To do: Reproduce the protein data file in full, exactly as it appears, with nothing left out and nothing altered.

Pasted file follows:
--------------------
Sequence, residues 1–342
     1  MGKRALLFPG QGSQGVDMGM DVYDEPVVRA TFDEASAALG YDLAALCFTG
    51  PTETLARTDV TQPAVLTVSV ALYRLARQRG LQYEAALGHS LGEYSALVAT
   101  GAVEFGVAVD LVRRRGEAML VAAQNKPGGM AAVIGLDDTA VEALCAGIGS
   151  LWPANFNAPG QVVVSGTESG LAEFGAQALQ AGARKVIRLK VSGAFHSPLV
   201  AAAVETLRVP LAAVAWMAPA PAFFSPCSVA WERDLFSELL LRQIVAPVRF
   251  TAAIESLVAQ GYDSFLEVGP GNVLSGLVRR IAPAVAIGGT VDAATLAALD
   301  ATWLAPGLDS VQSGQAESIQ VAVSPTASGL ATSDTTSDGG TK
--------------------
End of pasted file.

Sequence, residues 1–342
     1  MGKRALLFPG QGSQGVDMGM DVYDEPVVRA TFDEASAALG YDLAALCFTG
    51  PTETLARTDV TQPAVLTVSV ALYRLARQRG LQYEAALGHS LGEYSALVAT
   101  GAVEFGVAVD LVRRRGEAML VAAQNKPGGM AAVIGLDDTA VEALCAGIGS
   151  LWPANFNAPG QVVVSGTESG LAEFGAQALQ AGARKVIRLK VSGAFHSPLV
   201  AAAVETLRVP LAAVAWMAPA PAFFSPCSVA WERDLFSELL LRQIVAPVRF
   251  TAAIESLVAQ GYDSFLEVGP GNVLSGLVRR IAPAVAIGGT VDAATLAALD
   301  ATWLAPGLDS VQSGQAESIQ VAVSPTASGL ATSDTTSDGG TK